John Viehe | Bible Lands Study Tour: Tourism or Pilgrimage? | Video
In May and June of 2015, John accompanied a group of Campbell University divinity students (MDiv and DMin) on a study tour of the Holy Land. This video recounts their experiences on what was truly a pilgrimage that combined travel, worship, and recreation. It also includes his own political observations, from the perspective of his former career as an intelligence officer.
John Viehe grew up in Western New York State and studied photography at the Rochester Institute of Technology. He earned MEd and EdD degrees at North Carolina State University, and an MBA at Wake Forest University. In his career as a military intelligence officer, he spent five years in Korea, and half of his active duty years were spent in special operations assignments, during which he completed nearly a hundred military parachute jumps. From 2000–2012, he served on the psychology faculty at Wake Technical College in Raleigh. He’s currently an adjunct professor of psychology at Campbell University in Buies Creek, North Carolina.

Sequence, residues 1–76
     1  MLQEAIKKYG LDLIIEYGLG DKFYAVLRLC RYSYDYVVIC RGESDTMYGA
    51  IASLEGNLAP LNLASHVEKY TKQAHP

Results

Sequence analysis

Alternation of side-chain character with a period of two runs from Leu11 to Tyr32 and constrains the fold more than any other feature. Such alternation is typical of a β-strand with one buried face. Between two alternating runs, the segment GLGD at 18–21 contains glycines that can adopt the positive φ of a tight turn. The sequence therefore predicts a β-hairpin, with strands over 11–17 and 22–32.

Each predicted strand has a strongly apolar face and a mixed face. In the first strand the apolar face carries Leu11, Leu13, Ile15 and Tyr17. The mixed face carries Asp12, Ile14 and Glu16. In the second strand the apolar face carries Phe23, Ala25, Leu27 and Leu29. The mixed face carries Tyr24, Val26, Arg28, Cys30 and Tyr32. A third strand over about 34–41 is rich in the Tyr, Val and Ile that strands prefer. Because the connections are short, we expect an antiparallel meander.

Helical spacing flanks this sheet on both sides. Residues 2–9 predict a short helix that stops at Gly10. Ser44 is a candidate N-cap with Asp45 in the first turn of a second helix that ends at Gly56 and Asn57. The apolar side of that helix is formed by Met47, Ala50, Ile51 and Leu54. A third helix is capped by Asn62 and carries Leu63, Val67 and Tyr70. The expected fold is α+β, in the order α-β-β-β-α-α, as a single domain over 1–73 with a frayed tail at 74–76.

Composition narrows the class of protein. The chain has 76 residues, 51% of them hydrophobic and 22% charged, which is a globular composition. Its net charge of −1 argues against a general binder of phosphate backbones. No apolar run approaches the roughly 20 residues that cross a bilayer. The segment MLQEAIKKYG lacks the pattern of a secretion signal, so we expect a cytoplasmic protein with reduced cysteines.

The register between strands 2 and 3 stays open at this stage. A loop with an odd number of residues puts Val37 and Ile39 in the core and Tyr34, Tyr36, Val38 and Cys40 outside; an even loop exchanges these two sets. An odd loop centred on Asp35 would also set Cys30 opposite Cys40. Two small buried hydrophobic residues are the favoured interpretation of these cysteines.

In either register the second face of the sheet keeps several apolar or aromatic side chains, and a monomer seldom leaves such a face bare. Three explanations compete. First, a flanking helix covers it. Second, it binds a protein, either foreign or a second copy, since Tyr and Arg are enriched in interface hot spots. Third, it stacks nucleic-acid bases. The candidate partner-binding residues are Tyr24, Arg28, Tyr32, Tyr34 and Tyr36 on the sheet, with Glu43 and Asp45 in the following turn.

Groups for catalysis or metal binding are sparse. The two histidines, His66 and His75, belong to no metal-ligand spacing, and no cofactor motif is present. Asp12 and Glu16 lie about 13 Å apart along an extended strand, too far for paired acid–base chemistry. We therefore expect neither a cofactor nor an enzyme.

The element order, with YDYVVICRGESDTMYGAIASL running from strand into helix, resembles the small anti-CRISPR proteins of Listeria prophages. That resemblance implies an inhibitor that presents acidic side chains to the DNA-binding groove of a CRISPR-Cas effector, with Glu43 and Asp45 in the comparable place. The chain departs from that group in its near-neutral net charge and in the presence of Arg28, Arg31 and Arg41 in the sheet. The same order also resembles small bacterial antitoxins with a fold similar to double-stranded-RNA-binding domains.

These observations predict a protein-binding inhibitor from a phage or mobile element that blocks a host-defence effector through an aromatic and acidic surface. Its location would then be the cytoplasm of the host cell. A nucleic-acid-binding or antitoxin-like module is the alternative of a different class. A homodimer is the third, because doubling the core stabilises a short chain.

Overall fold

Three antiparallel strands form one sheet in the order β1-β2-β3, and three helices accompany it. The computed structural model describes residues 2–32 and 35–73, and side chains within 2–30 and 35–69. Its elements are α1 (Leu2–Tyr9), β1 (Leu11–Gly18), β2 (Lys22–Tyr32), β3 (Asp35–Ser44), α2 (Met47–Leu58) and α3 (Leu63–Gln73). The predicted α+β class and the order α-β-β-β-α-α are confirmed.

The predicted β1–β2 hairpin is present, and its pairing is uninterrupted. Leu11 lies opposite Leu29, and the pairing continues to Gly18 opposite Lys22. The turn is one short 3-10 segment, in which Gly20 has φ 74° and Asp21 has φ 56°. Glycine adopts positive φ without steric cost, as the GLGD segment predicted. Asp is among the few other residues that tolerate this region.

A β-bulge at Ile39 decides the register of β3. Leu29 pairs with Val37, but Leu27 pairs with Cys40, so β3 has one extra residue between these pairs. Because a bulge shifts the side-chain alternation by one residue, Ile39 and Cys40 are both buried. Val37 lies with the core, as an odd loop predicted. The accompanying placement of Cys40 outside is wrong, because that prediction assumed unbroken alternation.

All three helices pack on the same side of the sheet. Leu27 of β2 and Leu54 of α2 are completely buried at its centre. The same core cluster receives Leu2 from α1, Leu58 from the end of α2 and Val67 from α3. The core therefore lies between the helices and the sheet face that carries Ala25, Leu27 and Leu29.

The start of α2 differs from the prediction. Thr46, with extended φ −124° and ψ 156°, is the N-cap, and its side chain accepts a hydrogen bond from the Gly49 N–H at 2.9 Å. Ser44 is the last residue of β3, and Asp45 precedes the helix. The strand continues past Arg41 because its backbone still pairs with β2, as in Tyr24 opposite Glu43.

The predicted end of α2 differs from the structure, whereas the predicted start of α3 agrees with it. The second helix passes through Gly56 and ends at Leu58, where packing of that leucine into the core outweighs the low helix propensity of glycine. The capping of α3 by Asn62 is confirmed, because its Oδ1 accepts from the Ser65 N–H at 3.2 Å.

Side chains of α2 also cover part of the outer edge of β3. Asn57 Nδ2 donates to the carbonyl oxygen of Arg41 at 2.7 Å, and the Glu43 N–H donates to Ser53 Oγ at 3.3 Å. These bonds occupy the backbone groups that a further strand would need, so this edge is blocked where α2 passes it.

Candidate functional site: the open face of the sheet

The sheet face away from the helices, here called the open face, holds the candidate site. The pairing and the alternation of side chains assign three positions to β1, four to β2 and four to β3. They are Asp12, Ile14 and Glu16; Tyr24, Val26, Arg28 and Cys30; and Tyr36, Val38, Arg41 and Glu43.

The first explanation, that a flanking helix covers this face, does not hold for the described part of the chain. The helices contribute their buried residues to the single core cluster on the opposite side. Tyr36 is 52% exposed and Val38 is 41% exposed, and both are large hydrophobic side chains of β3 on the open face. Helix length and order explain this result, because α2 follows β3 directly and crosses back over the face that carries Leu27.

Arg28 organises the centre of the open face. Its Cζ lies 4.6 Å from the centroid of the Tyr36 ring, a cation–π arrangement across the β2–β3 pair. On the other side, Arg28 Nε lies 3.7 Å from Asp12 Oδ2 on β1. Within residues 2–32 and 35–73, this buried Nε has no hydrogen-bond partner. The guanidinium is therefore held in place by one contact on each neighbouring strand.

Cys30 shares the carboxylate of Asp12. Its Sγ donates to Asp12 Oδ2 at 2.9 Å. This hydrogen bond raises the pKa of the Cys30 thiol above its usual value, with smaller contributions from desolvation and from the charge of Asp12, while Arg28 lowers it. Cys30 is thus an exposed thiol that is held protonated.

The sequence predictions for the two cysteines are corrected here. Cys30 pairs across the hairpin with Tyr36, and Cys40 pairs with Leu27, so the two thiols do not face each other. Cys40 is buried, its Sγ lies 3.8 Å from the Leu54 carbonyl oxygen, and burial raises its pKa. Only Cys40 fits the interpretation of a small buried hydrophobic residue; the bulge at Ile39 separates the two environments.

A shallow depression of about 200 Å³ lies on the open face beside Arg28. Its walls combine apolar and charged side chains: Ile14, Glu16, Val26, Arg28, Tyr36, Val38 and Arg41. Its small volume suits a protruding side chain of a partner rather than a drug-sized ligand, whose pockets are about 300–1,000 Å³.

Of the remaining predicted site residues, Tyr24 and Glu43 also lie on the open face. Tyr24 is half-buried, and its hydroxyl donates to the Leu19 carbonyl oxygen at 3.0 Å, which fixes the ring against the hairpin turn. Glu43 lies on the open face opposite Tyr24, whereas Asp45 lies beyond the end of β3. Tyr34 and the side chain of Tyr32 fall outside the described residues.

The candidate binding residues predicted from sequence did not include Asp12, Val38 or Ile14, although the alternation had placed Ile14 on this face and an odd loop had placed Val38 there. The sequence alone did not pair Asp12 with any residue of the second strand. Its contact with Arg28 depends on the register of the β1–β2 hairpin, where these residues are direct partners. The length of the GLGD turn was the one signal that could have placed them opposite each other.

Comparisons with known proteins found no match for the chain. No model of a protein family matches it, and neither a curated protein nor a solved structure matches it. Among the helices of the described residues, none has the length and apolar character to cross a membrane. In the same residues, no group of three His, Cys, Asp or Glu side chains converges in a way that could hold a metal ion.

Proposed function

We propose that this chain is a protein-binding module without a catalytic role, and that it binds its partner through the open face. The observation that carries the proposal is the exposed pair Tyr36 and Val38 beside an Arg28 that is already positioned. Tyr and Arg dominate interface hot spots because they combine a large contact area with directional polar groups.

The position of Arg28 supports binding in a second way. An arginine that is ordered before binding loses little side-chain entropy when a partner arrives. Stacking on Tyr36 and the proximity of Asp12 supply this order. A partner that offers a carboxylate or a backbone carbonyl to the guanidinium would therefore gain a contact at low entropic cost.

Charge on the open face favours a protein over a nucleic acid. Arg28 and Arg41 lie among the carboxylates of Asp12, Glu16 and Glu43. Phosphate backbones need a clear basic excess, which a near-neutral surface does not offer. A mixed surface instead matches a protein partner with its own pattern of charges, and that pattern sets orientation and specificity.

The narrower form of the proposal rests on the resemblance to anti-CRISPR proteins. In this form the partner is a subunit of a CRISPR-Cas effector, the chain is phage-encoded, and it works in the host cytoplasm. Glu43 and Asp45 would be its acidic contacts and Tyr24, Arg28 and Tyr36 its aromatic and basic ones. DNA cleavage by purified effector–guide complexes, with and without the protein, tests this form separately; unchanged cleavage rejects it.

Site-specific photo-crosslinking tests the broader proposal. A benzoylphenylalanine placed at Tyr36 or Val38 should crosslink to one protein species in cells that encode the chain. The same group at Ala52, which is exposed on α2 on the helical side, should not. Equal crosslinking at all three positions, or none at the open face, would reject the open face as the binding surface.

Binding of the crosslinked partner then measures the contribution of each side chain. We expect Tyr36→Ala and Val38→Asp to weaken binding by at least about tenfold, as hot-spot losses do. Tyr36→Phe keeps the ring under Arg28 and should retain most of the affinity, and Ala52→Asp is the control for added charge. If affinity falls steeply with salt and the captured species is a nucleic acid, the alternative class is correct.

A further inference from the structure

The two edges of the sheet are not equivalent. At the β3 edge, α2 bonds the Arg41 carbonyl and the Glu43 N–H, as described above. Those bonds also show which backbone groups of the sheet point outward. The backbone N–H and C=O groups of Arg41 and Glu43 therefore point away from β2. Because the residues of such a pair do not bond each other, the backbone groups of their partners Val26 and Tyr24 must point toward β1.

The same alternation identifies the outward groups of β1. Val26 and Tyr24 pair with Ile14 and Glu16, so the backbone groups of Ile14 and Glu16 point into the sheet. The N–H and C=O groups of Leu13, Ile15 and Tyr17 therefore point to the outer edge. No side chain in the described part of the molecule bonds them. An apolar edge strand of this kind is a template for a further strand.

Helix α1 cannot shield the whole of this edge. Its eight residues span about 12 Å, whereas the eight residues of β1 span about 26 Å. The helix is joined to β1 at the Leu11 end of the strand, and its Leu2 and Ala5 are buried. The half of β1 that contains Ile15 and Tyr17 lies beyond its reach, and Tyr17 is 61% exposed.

John spends summers in Chautauqua, New York, at the Chautauqua Institution, a national center for the arts, education, recreation, and religion. In 2013, he created Chautauqua People, a Charlie Rose–style interview program that airs on Mayville, New York’s community access television. In 2014, he established a video production company, Documentary Videos in 4K, and has conducted video shoots in Israel, Cuba, and Berlin. In the summer of 2016 he recorded footage of Campbell University students in Western Europe. His most satisfying work was documenting Afghan, Iraqi, and Syrian refugees in Berlin for one week prior to the arrival of the Campbell students.